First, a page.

A long-term experimental study demonstrates the costs of begging that were not found over the short term.

Soler M, Ruiz-Raya F, Carra LG, Medina-Molina E, Ibáñez-Álamo JD, Martín-Gálvez D - PLoS ONE (2014)

Effect of the experimental treatment on mass excreted by nestlings based on the RM-ANOVAs for each experimental session.P-values associated to LSD post hoc test are indicated as ns: P>0.05; st: 0.1≤P≥0.05; *: P<0.05; **: P<0.001 and ***: P<0.0001. Numbers of nests (i.e. those with measurements from the four nestlings) used in each comparison are also shown.
© Copyright Policy
Related In: Results  -  Collection

License
Show All Figures
getmorefigures.php?uid=PMC4221185&req=5

pone-0111929-g005: Effect of the experimental treatment on mass excreted by nestlings based on the RM-ANOVAs for each experimental session.P-values associated to LSD post hoc test are indicated as ns: P>0.05; st: 0.1≤P≥0.05; *: P<0.05; **: P<0.001 and ***: P<0.0001. Numbers of nests (i.e. those with measurements from the four nestlings) used in each comparison are also shown.
Mentions: We found no overall effect of the experimental treatment on the mass excreted by nestlings (see Table 2D and Fig. 5). We found one significant result and two trends for the interaction effects between treatment and nestling rank in time 6, time 36, and time 60, respectively (see Fig. 6). Namely, in time 6, HB-large nestling excreted more than LB-large nestlings, but the opposite happened in time 36; in time 60, HB-small nestlings excreted less mass than LB-small nestlings (see Fig. 6).

Bottom Line: However, empirical evidence on this subject remains elusive because published results are often contradictory.Long-term studies frequently provide clearer results than short-term studies and, sometimes, relevant information not reported by the latter ones.Our long-term experiment shows (i) a clear effect on the immune response even since the first measurement (6 hours), but it was higher during the second (long-term) than during the first (short-term) test; (ii) evidence of a growth cost of begging in house sparrow nestlings not previously found by other studies; (iii) body condition was affected by our experimental manipulation only after 48 hour; (iv) a metabolic cost of begging never previously shown in any species, and (v) for the first time, it has shown a simultaneous effect of the three potential physiological costs of begging: immunocompetence, growth, and metabolism.

View Article: PubMed Central - PubMed

Affiliation: Departamento de Biología Animal, Facultad de Ciencias, Universidad de Granada, Granada, Spain; Grupo Coevolución, Unidad Asociada al CSIC, Universidad de Granada, Spain.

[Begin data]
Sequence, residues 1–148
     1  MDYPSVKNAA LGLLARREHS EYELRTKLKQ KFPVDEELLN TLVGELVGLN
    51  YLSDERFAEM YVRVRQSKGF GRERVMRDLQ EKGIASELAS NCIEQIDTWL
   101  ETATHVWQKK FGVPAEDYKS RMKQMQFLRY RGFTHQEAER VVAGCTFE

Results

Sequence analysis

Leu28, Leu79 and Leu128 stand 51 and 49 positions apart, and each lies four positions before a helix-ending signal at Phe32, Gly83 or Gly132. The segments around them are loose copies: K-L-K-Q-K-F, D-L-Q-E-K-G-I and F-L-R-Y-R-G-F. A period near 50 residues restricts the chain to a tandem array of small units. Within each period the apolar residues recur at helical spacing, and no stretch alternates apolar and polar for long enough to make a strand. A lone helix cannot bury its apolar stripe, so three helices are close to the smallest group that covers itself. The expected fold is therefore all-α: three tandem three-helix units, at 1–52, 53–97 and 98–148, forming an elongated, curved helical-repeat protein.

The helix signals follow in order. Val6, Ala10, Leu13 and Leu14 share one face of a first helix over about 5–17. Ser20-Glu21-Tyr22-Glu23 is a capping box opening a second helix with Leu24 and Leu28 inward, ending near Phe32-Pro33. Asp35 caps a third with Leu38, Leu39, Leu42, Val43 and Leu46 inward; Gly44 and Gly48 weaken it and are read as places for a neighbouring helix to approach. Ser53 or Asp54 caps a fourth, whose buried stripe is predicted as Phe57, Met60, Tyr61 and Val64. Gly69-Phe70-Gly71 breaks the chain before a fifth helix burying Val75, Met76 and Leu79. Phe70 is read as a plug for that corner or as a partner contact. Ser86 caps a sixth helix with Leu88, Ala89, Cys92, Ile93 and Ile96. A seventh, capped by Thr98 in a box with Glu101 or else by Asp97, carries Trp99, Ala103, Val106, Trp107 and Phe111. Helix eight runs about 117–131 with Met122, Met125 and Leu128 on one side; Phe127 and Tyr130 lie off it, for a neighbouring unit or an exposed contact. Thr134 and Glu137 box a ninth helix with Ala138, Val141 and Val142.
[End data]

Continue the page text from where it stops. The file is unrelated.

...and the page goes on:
ABSTRACT
Parent-offspring conflict theory predicts that begging behaviour could escalate continuously over evolutionary time if it is not prevented by costliness of begging displays. Three main potential physiological costs have been proposed: growth, immunological and metabolic costs. However, empirical evidence on this subject remains elusive because published results are often contradictory. In this study, we test for the existence of these three potential physiological costs of begging in house sparrow (Passer domesticus) nestlings by stimulating a group of nestlings to beg for longer and another group for shorter periods than in natural conditions. All nestlings were fed with the same quantity of food. Our study involves a long-term experimental treatment for begging studies (five consecutive days). Long-term studies frequently provide clearer results than short-term studies and, sometimes, relevant information not reported by the latter ones. Our long-term experiment shows (i) a clear effect on the immune response even since the first measurement (6 hours), but it was higher during the second (long-term) than during the first (short-term) test; (ii) evidence of a growth cost of begging in house sparrow nestlings not previously found by other studies; (iii) body condition was affected by our experimental manipulation only after 48 hour; (iv) a metabolic cost of begging never previously shown in any species, and (v) for the first time, it has shown a simultaneous effect of the three potential physiological costs of begging: immunocompetence, growth, and metabolism. This implies first, that a multilevel trade-off can occur between begging and all physiological costs and, second, that a lack of support in a short-term experiment for the existence of a tested cost of begging does not mean absence of that cost, because it can be found in a long-term experiment.

Show MeSH
Related in: MedlinePlus